His story is an old one. When he first appeared more than seventy years ago, he was dynamic, galvanic. Nobody had seen his like before. His first adventures therefore paid less attention to plot than to super-feats. They evoked a magnificent sense of wonder. 

With the passing of time, however, and the appearance of a garden of imitators garbed in colorful costumes, mere super-doing became passé. Our hero's strength had to take a back seat to his story—his origins, his growing up, his friends. In the late fifties, editor Mort Weisinger began to develop the mythos along these lines, giving him a super-family to love (e.g., Supergirl, Krypto) and a birth world to mourn. 

Under Weisinger's reign, Kal-El of Krypton became less an archetype and more a character. Yet he remained the strange visitor from another planet who chooses to fight for truth, justice, and the American way. This is the most popular version of the character. From his earliest comics through his first teleplays through the big budget movies, the colorful, muscular figure in red-and-blue was what we've always paid--and pined--for—Superman!      

In the 1980s, Superman's handlers tried to downplay the otherworldly elements and make the hero more human, less alien, more at home on earth, less nostalgic for Krypton. They tried to tell us that Superman was but a mask, Clark Kent was the reality. It didn't work. Gradually, in the comics at least, the super-earthman has faded, the super-alien resurged. That alienation was as obvious in 2006's Superman Returns as it was in the Chris Reeve movies. It seems evident, then, that Superman works best as Superman.    Tights and flights are our glorious dream, Clark Kent our hateful wake-up call.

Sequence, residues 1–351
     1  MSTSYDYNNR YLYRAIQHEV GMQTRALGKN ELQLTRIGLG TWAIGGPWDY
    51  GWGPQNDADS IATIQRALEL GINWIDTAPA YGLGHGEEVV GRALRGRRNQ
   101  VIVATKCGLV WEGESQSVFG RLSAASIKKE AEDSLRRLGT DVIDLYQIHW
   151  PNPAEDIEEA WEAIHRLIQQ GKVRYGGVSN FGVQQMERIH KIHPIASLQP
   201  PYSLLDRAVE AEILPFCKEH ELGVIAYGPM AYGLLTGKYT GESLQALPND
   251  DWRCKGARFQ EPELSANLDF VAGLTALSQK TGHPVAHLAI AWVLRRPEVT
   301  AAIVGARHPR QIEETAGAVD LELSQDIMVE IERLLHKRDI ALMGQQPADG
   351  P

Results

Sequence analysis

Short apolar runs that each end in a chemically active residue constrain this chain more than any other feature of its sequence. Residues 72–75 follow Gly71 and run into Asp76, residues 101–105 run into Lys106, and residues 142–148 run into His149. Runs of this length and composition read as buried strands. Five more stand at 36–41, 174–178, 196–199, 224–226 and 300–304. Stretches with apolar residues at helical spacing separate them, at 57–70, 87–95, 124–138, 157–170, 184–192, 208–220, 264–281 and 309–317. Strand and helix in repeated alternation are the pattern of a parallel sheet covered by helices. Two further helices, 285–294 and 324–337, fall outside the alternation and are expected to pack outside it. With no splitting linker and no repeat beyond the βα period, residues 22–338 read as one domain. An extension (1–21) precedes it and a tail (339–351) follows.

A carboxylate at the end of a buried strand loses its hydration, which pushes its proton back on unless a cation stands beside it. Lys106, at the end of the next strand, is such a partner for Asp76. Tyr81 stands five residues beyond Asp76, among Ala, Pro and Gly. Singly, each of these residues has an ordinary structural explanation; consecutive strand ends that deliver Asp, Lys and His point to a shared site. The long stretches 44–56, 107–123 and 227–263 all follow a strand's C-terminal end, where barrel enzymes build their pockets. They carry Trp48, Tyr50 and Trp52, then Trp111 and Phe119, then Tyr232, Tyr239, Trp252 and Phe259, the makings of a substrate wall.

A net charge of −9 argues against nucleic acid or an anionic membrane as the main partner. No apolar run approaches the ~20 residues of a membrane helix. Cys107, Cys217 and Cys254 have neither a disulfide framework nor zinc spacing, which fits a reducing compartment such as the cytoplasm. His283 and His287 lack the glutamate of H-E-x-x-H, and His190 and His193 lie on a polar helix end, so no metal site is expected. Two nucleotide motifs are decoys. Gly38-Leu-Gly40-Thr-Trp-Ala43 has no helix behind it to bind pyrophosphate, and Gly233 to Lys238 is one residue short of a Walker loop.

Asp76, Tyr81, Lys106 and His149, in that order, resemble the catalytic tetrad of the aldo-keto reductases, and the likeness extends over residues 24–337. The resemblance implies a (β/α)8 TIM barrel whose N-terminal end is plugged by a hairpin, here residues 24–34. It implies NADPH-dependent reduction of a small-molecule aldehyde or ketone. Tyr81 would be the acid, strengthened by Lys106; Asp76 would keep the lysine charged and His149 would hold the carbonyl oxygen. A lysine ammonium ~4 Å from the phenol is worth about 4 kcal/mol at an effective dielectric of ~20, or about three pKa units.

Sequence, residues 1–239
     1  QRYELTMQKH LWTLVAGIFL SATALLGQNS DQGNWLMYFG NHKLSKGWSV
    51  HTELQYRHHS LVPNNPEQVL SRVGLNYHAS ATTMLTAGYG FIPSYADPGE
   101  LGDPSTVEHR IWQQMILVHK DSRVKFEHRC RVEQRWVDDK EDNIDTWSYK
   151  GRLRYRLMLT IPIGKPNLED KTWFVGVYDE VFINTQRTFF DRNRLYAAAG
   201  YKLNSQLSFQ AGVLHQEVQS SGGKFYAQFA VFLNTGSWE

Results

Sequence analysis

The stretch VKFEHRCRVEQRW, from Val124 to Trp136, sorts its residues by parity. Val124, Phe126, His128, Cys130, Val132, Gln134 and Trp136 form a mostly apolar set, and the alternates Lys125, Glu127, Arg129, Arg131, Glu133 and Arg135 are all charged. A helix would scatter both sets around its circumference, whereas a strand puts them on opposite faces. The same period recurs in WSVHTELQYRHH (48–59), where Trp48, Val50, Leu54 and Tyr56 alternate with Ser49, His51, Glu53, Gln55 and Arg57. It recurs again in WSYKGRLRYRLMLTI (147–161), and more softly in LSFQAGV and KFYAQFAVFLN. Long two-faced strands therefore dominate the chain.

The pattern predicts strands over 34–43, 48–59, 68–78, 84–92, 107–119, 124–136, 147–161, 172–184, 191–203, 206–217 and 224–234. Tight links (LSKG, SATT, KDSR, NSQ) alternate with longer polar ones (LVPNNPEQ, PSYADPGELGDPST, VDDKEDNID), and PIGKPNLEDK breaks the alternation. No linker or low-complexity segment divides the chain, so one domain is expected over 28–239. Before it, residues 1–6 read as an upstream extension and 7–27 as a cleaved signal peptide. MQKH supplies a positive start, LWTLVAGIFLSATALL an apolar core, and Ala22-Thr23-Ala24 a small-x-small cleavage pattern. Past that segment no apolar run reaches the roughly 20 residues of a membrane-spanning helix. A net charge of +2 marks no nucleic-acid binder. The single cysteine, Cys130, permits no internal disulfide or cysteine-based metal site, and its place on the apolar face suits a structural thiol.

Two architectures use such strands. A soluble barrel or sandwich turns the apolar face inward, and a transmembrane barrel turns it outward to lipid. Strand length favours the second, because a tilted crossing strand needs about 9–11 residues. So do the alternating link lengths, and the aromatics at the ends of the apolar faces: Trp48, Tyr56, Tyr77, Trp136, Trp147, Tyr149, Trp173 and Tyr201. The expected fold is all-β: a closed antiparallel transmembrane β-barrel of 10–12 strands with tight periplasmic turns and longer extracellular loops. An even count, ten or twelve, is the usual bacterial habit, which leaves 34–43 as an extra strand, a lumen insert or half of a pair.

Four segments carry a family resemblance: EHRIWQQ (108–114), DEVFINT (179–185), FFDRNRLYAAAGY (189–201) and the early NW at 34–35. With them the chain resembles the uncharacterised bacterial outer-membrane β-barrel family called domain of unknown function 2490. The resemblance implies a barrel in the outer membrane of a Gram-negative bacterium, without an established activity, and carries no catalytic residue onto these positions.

This, I think, has been the biggest problem with Smallville, which, after ten seasons and 217 episodes, has finally ended its run.  The original vision of the series' creators, Al Gough and Miles Millar, was "no flights, no tights." For the first four years or so, that strategy seemed to work. 

In fact, the show was at its best when the adolescent Clark struggled, as all teen-agers do, to find his place in the world. As Jonathan Kent shepherded his foster son toward the light, Lionel Luthor pushed his offspring Lex into the darkness.  During this time, Smallville functioned as an intriguing meditation on fathers and sons. 

After the death of Jonathan, however, Clark never got off the ground physically or emotionally. Not only was he not flying, he seemed to be running in place. The producers shoveled in elements and characters from the DC Comics mythos,  introducing heroes and villains prematurely. A growing gang of super-heroes, invariably costumed, some even flying, all but pushed Clark out of the picture.    Superman fans were frustrated:  "Come on, already!" Even Gough and Millar, who left the series after seven seasons, felt that frustration (http://collider.com/al-gough-miles-millar-interview-smallville/74668).  By Year Nine, everything about the series shouted Superman!—except its hero. 

If ever there was a story in need of an ending, it was Clark Kent's. The final season was therefore welcomed with a mixture of joy and relief. Now, at last, the fans thought, they'd get to see the Real Steel Deal. Yet Season Ten offered little that was new, relying largely on reappearances of dead or departed characters. There were some humorous moments (something the angst-ridden series has run too short on), a couple interesting scenes. 

Erica Durance did a great job of answering the question why Superman needs Lois Lane.  (Elsewhere, I've written about the continuity conundrum of Lois knowing only a mild-mannered, bespectacled Kent. The writers deserve credit for making this Lois the mastermind behind Superman's "disguise.") Yet, though Darkseid was touted as the Grand Menace of the year, he seemed little more an afterthought. The producers seemed to be banking on the prospect of the two-hour finale to sustain interest.